The document hands out simple illustrations to configure easily available security measures, including Tor8 browser for the Dark Web, hard drive or flash drive encryption (using VeraCrypt, TrueCrypt, Hardskat), email alternatives (such as Hushmail and ProtonMail), cyber security of voice communication (using Linphone, Silent Circle or RedPhone), and security of information or data stored on Cloud (using MEGA or SpiderOak). There is a high likelihood of ISIS operatives, potential recruits and sympathizers already using these apps and tools securing their virtual identities, data on computers and, most important, their communication with each other.

    Last week, almost 20 ISIS operatives were arrested in a country-wide crackdown led by the National Investigation Agency (NIA). These operatives had been on surveillance with the help of leads from the Central Intelligence Agency (CIA), which actively tracks phones and IP addresses in the conflict zones of Syria and Iraq. As ISIS strives to spread its tentacles in India, it would definitely build up a network of sympathisers and probable recruits, connected digitally with its operatives spread across the globe and available online round the clock. This network would again tend to sprout in the dark. Given the pace of innovation in technology products for mobile platforms and the proven dexterity of ISIS in these products and applications, the question arises whether our intelligence and law enforcement apparatus has the technological means and know-how to tackle the looming threat from the ISIS.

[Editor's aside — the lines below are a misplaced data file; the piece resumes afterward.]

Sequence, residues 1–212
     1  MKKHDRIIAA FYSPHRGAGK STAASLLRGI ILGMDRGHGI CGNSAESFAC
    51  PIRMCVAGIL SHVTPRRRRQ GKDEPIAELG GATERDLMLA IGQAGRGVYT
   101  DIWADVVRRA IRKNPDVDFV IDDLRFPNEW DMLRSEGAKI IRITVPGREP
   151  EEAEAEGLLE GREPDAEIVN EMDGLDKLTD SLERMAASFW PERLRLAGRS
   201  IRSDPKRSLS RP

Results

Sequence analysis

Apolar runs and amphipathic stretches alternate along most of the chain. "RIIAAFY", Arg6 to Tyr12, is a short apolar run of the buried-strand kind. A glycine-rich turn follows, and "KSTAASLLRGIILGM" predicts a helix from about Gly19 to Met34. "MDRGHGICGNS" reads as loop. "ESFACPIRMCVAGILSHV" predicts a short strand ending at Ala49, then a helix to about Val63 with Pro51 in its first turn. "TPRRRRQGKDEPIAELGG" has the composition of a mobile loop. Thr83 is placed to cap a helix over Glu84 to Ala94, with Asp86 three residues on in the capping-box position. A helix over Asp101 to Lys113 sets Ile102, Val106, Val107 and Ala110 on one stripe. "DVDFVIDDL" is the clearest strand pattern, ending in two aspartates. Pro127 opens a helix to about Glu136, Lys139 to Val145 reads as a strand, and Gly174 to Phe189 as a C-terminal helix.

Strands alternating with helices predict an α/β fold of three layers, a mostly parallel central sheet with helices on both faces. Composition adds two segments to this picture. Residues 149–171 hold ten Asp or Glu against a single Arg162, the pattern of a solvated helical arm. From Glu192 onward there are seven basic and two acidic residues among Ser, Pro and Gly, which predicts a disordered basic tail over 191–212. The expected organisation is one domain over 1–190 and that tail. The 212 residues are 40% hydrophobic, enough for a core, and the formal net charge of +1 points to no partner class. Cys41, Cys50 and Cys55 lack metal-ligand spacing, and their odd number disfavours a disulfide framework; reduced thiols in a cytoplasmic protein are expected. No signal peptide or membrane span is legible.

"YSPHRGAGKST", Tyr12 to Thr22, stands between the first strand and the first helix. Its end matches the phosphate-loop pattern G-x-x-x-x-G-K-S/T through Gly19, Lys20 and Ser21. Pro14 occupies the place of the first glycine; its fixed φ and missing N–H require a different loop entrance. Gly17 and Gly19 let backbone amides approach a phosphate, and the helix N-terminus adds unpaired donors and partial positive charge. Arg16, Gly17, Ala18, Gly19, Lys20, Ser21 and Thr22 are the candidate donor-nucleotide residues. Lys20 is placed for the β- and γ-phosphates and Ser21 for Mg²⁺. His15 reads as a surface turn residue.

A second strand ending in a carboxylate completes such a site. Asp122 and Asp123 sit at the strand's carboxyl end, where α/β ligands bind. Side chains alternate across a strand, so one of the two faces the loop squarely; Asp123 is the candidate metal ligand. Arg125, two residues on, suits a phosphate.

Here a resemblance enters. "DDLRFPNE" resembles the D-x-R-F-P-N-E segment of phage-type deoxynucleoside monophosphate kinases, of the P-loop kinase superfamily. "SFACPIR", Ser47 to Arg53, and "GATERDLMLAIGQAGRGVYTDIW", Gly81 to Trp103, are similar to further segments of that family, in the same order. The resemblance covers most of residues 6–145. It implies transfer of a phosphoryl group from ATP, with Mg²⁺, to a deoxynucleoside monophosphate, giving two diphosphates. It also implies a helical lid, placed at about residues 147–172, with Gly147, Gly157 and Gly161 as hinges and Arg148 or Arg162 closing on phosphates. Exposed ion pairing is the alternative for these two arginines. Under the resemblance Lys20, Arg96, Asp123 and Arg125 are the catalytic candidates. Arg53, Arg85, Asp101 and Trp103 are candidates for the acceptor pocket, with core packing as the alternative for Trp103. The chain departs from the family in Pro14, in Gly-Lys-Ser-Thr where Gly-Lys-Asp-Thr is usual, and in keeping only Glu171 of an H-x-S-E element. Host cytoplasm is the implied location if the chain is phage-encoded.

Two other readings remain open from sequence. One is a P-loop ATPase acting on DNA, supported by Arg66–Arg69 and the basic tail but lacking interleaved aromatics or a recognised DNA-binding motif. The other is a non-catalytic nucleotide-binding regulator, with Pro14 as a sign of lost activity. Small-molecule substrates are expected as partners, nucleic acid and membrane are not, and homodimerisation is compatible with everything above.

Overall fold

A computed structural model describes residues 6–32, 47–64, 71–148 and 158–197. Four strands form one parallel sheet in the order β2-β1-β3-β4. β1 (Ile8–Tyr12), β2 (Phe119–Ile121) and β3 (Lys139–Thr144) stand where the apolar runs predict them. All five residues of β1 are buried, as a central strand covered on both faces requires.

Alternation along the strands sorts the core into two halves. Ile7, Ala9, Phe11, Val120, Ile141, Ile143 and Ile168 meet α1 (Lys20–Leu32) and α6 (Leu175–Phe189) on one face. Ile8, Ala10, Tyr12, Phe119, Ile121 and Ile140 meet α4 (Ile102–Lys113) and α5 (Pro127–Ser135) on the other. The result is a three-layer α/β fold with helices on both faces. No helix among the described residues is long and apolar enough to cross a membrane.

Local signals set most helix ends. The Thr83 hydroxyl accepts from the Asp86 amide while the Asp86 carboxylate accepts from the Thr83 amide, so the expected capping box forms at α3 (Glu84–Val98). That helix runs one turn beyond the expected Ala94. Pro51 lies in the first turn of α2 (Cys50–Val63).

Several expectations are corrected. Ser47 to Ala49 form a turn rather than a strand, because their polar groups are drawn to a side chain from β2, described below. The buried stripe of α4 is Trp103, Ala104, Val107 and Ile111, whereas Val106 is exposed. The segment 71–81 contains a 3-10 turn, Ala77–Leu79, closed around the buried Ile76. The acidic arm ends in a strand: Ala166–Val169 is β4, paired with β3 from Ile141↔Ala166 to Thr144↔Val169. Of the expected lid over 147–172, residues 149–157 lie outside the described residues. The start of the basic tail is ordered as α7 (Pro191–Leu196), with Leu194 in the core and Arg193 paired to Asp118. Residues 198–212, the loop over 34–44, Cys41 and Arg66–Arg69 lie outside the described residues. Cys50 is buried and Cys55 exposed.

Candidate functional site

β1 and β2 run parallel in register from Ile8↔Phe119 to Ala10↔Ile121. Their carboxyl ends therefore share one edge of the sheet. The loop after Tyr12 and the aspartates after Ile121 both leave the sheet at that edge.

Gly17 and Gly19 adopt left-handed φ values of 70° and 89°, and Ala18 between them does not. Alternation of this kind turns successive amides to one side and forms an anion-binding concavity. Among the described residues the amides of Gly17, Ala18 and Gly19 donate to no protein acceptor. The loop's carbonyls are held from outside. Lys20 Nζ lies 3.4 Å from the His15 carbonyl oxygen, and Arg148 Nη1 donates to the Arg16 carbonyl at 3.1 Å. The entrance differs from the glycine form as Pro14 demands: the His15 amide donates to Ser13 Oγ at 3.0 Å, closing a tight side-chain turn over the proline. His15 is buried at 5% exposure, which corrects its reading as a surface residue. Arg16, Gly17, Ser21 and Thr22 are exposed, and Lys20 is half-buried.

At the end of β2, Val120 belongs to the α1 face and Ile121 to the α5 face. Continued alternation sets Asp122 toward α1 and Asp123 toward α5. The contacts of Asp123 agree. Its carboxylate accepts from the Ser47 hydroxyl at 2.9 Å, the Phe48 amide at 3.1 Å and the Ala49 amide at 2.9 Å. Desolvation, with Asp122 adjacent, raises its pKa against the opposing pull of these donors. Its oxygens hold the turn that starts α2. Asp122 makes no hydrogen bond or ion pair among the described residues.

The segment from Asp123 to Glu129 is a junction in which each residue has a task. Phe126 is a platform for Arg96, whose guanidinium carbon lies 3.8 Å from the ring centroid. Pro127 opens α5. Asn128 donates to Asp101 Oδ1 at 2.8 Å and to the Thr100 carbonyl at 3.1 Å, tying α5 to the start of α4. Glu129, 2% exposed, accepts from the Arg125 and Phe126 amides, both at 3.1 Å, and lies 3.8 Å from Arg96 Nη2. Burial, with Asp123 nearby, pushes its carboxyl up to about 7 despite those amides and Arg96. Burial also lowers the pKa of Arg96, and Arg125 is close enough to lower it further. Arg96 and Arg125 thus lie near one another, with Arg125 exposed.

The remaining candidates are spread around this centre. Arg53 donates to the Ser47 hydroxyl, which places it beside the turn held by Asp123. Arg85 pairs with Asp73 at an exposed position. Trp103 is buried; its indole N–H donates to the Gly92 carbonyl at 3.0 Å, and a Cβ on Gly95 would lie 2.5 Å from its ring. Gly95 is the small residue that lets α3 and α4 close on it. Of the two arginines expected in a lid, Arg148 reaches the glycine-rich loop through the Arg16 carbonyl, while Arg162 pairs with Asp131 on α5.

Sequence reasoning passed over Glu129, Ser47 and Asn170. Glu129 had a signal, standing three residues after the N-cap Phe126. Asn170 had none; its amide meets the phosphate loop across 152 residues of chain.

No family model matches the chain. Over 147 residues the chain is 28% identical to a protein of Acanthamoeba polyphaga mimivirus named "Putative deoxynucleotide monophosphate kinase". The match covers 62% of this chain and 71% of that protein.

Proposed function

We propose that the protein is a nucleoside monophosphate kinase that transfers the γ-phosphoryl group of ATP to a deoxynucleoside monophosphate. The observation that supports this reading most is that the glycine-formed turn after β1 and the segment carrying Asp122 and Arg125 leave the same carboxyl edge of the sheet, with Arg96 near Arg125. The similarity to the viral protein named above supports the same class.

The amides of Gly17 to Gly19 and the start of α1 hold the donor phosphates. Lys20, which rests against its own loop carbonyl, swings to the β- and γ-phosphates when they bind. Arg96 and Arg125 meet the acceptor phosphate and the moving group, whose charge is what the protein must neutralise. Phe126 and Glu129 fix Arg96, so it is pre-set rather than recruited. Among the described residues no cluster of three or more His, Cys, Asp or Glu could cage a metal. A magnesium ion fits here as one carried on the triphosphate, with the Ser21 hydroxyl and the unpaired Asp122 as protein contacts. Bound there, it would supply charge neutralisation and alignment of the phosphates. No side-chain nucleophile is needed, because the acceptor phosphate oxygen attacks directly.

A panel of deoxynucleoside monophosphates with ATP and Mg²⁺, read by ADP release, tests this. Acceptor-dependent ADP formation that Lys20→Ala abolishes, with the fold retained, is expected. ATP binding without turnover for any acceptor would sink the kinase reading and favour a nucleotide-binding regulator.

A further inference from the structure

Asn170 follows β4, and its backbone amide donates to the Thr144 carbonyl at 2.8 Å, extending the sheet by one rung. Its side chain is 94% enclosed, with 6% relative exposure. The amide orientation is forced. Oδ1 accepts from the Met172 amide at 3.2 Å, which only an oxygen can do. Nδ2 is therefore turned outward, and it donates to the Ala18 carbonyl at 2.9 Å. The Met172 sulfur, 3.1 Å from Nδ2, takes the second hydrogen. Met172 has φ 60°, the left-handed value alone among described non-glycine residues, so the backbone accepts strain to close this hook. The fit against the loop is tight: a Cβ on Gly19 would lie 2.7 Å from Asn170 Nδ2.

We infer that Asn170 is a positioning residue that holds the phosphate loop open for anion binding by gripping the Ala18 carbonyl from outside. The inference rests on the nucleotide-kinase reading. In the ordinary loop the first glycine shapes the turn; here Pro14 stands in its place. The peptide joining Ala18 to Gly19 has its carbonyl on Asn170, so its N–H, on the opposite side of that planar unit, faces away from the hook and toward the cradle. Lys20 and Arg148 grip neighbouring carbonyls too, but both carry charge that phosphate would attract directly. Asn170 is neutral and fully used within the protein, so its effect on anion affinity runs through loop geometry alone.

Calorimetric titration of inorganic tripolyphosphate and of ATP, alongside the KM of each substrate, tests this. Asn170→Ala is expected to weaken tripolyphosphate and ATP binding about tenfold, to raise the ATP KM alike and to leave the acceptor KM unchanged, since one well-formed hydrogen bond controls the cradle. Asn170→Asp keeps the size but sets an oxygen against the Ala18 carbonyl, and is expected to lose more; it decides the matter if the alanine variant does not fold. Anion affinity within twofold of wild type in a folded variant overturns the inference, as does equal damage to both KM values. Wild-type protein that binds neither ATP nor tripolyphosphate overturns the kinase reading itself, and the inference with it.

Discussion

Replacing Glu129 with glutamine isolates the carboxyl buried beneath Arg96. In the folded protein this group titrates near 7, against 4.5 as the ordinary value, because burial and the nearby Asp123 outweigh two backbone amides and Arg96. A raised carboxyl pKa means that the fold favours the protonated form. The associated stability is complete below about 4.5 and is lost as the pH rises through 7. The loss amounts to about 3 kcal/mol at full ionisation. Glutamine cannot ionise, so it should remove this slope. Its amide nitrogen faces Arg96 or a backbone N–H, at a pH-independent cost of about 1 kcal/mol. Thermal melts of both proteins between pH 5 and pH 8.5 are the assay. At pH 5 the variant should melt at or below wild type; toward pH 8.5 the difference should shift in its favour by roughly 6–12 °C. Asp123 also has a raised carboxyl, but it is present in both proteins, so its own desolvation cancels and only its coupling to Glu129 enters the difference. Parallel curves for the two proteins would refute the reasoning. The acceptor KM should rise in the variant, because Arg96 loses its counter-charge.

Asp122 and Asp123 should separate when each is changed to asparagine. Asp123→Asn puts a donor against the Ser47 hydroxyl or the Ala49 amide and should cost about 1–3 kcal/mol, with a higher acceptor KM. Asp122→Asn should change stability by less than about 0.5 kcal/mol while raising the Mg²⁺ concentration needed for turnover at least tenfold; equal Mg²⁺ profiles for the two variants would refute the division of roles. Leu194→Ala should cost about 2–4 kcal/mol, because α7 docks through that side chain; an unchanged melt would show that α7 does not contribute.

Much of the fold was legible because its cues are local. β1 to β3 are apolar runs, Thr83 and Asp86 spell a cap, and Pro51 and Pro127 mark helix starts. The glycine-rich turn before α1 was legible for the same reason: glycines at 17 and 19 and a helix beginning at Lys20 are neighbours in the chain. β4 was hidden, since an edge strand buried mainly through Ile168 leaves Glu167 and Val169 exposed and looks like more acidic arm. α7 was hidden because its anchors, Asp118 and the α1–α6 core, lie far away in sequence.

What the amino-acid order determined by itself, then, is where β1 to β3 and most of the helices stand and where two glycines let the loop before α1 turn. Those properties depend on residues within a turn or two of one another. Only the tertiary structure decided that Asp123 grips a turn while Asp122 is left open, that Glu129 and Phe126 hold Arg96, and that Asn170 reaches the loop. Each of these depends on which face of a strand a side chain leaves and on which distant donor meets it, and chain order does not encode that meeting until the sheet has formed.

Views expressed are of the author and do not necessarily reflect the views of the IDSA or of the Government of India.

    • 1. Paris Attacks: Intelligence Agencies Forced to Rethink Tracking of ISIS,” Financial Times, November 19, 2015, accessed on January 22, 2016
    • 2.How French intelligence agencies failed before the Paris attacks,” The Guardian, November 19, 2015, accessed on January 22, 2016.
    • 3. Public Switched Telephone Network (PSTN) is the world's collection of interconnected voice-oriented public telephone networks, both commercial and government-owned. See, “PSTN”, , accessed on February 02, 2016.
    • 4. The identity, chat and data on phone is encrypted message using AES 256bit GCM with a PKCS5S2 key. See, “How surespot Works,” , accessed on January 28, 2016.
    • 5. Encryption is based on 256-bit symmetric AES encryption, RSA 2048 encryption, and Diffie–Hellman secure key exchange. See “FAQ for the Technically Inclined,” , accessed on January 28, 2016.
    • 6.Several Cyber Security to Protect your Account in the Social Networking”, A guide to enabling online security measures, translated into English by analysts at the Combating Terrorism Center, September 14, 2015, , accessed on January 07, 2016.
    • 7. GSM (Global System for Mobile communications) is an open, digital cellular technology used for transmitting mobile voice and data services all over the world, see “GSM”, , accessed on January 07, 2016.
    • 8. The Tor software protects the user communications around a distributed network of relays, and prevents the Internet connection or the sites user has visited from unwanted/unauthorised access, see “What is the Tor Browser?”, accessed on February 02, 2016.